creating a new nest in mid-life

Peggy’s Story: Re-Creating Your Nest

This is the stage in life where my mantra is simplicity not overload.
I found that when the children married my needs and priorities began
to shift. We were eating out more with friends, spontaneously taking
off on weekends. We decided to put less money into the house and its
maintenance and more into our hedonic pleasures. We wanted to pick
up and go more easily and clean up less when we were around.

Living a simpler life. It sounded good. We tried to imagine what
it would be like if we rented or bought a smaller place, got rid of
the myriad of articles we planned to read later on, gave away some
of the treasures we thought the kids or grandkids might someday want.
What would it be like to empty all those drawers filled with confusion
and start from scratch?

We turned our fantasy into reality. We sold our home in the suburbs
and moved into a condominium. For me the change was a process,
filled with a wide range of both positive and negative emotions.
And the adjustment took time. In fact, 2 years later I still feel
that I’m adapting.

I mourned the loss of so many things, both material and otherwise.
The end of a significant chapter in my life when the house was full
of family and activity, growing children and all their antics.
The idea that what I consider valuable pieces of history may be
relegated to the attic or sold for some ridiculous price on e-bay.
The possibility that my pre-menopausal body will be reincarnated
and I’ll be able to fit into some of those clothes again.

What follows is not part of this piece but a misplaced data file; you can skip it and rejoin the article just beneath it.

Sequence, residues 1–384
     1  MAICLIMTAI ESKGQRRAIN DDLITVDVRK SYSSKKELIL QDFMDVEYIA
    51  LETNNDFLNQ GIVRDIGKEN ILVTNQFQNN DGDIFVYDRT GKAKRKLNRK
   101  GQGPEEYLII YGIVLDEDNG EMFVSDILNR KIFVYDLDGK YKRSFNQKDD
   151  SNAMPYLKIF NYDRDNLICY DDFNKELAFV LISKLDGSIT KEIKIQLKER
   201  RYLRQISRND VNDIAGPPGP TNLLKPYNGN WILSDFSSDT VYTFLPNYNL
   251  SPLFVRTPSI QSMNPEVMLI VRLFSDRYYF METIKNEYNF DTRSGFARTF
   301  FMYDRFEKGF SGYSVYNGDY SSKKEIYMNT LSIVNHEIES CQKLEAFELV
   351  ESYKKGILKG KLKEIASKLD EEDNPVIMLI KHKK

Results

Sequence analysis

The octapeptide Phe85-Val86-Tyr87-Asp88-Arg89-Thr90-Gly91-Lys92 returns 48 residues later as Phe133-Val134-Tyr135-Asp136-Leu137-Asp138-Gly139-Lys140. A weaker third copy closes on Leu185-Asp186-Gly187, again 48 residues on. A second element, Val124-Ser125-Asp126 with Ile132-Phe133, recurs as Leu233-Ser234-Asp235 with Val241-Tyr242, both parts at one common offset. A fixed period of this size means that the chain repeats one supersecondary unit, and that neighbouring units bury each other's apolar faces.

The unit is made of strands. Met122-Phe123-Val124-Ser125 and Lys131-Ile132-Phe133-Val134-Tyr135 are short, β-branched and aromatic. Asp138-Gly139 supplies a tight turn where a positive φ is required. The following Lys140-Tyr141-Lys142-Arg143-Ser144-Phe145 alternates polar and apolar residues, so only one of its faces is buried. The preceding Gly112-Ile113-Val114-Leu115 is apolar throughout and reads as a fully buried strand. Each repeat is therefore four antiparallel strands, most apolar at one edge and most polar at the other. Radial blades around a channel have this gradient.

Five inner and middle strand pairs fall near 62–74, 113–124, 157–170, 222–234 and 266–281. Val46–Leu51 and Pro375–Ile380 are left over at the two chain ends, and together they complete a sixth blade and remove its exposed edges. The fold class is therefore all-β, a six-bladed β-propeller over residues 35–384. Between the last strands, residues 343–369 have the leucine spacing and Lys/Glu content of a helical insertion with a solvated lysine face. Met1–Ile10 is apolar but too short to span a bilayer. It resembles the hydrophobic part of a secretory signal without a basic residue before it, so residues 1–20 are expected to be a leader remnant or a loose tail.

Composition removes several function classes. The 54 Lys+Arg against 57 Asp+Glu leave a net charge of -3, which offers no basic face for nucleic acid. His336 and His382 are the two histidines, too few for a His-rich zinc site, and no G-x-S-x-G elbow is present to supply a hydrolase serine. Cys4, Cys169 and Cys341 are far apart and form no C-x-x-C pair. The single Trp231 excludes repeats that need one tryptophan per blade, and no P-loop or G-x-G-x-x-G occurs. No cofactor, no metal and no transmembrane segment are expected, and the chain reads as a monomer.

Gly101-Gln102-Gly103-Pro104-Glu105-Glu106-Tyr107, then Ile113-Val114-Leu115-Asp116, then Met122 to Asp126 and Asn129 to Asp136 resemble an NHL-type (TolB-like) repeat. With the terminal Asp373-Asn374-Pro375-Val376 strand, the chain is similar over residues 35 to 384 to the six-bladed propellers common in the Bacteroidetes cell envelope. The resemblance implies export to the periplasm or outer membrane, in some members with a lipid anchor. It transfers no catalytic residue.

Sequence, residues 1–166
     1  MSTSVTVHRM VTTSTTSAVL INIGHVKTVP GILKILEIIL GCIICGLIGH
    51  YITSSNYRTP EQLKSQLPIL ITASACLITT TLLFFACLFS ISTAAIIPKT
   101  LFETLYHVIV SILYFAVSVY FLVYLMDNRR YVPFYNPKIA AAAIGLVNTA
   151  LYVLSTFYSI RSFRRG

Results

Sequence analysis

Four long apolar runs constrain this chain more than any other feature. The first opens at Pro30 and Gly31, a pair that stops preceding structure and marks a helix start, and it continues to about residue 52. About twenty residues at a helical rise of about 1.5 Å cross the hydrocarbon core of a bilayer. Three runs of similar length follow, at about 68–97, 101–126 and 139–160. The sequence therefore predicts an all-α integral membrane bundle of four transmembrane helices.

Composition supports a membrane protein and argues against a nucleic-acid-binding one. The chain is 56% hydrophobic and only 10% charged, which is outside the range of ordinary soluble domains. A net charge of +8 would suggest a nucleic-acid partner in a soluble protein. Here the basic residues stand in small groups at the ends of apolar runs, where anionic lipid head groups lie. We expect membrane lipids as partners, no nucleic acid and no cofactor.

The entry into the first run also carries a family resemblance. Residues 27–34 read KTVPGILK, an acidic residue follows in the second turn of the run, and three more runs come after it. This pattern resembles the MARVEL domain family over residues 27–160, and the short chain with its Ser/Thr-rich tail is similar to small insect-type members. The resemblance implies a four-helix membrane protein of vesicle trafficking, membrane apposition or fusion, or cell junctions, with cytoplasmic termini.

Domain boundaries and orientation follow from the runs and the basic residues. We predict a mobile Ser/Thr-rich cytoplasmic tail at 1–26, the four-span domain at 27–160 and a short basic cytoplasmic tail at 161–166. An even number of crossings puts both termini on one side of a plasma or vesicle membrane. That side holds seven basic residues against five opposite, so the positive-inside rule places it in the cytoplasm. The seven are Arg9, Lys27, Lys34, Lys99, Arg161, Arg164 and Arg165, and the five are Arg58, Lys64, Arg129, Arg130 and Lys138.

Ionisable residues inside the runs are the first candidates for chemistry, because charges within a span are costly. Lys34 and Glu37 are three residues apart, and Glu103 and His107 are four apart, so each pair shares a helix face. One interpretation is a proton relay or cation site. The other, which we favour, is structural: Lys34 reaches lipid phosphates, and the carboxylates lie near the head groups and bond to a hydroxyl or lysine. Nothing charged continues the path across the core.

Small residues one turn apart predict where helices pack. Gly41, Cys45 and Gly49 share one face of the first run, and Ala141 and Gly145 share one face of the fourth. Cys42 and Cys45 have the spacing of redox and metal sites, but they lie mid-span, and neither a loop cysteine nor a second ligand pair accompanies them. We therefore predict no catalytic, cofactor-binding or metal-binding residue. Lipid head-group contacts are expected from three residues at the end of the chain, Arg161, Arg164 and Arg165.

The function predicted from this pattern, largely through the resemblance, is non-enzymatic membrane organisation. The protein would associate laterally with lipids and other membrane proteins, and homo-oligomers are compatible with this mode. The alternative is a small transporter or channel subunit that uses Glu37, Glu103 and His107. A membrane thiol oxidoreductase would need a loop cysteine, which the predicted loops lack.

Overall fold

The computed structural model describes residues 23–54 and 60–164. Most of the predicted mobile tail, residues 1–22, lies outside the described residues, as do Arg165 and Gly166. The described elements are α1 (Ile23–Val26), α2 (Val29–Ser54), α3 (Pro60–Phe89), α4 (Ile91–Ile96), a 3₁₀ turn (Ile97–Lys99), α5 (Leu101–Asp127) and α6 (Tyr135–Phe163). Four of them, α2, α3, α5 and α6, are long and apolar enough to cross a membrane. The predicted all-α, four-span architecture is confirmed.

I sometimes miss the big gatherings for holidays and special
occasions. And when we do have people over, I often regret having
gotten rid of that platter because I sure could use it now.
What else do I miss? Some of the hard discs of my past life,
memories triggered by stuff, physical proximity to old friends.

Yet, I see this as a fresh start, sort of an ongoing vacation.
Lots of new people to meet, areas to explore, adventures to
create. We ride bikes and walk for miles. We are close to
restaurants, cultural events and other stimulating activities.
And did I mention that the grandkids are pretty easy to reach?

With less space and fewer rooms I found I needed a personal
space. Like when the children were teenagers and put “keep out”
signs on their closed bedroom doors. Remember that nesting
instinct? Now I’ve created a grownup nest. A space – to think,
to work, to reflect, to be quiet.

I feel content, surrounded by what is most meaningful to me.
I still have my award for perfect attendance in the 3rd grade,
the photo albums and heirlooms that trace our family history,
most of my treasured books and all the precious memories I carry
around in my head.


Stepping Stones: Feathering a Grown-Up Nest

Peggy has embarked on quite an adventure!

Moving is one of life’s major transitions. If this is in your
future, here are some ideas to help you begin. Please remember
that any process is on-going, takes time and involves
flexibility. Creating a journal will provide an opportunity
to dialogue with yourself as you brainstorm and plan.

(1) Know yourself – Examine who you are now and who you want
to become.

· Look to your past as you create your future. Are your
old dreams still meaningful to you?
· What is important to you now?